'Smog refugees' struggle to escape 'Airpocolypse' in Beijing

Winter has arrived in Beijing, and residents are struggling to escape the heavy smog that has settled on the city.

This season the air pollution in China — stemming from power plants, factories, vehicles and other sources — has grown so bad during the past five days that it has put the safety of half a billion people at risk.

Since polluted areas of north and central China were put under red alert from Friday until Wednesday by authorities, the haze has thickened, impacting everyday life and causing tens of thousands of "smog refugees" to evacuate.

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On Friday, Xinhua, an official news agency in China,reported that road construction has been halted, several schools have suspended classes and residents have been advised to remain indoors until conditions improve.

See more of the air pollution in China:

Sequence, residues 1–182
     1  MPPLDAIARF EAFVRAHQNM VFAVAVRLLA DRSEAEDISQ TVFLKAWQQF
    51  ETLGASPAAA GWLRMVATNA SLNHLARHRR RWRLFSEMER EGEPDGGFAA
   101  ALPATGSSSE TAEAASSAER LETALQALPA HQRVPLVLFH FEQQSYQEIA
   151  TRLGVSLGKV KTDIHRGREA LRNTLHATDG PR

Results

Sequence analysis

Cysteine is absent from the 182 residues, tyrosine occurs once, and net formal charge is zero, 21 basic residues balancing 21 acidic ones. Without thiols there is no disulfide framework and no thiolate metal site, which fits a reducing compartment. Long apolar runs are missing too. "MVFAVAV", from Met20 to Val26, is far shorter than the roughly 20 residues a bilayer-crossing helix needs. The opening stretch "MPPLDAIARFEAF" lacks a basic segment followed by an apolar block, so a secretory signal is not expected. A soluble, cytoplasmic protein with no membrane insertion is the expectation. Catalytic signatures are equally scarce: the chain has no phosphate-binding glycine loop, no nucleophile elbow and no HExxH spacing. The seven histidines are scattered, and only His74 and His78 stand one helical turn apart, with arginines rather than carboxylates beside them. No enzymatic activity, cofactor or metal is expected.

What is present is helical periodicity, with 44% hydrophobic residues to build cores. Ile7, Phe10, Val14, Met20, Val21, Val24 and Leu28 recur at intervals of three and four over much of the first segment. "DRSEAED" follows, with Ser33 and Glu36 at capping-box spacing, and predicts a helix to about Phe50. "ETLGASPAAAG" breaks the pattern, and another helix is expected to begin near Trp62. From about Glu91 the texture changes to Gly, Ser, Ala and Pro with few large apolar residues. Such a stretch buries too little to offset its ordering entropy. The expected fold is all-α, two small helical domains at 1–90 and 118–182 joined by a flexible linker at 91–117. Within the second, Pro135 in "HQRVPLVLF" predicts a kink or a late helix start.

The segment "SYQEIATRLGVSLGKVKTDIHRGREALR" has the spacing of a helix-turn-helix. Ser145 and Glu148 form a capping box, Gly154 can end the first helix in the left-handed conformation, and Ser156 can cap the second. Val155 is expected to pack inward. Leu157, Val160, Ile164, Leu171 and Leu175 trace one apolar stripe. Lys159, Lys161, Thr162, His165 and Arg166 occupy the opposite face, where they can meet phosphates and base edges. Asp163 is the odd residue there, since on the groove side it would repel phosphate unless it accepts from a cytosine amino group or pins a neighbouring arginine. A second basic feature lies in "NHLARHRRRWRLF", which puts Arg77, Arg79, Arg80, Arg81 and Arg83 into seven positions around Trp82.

According to The China Daily, the smog has been so disruptive to travel that severe flight cancellations and delays have taken place at local airports. Ctrip, China's leading online travel agent, expected 150,000 people to flee the smog by traveling to places like Australia, Indonesia, Japan and the Maldives.

State media reported that 169 flights were canceled at Beijing Capital International Airport, where visibility fell to 300 meters (984 feet) at one point. In Tianjin, a nearby city, authorities also canceled 350 flights and closed all highways in the municipality, which made it extremely difficult for unhappy residents to escape.

Many people, such as Jiang Aoshuang, decided to take cover in smog-free regions of China, which became quickly packed. Aoshuang told the Global Times she evacuated with her husband and 10-year-old son to stay safe from the smog and protect their lungs.

The family headed to Chongli, a ski resort about three hours north-west of the Beijing, where they discovered they weren't the only ones with the idea. "It really felt like a refugee camp," Aoshuang said.

On Saturday, after pollution levels soared to more than 10 times the safety limit, Beijing and 22 other Chinese cities were forced to impose emergency measures such as banning vehicles from the road and ordering factories and schools to close. Some teachers went so far as to live-stream lessons to children in their classes.

Beijing was also issued smog-related red alerts in 2015, and India has also dealt with serious smog as recently as November.

The Associated Press contributed reporting.

BONUS: First red smog alert is issued in Beijing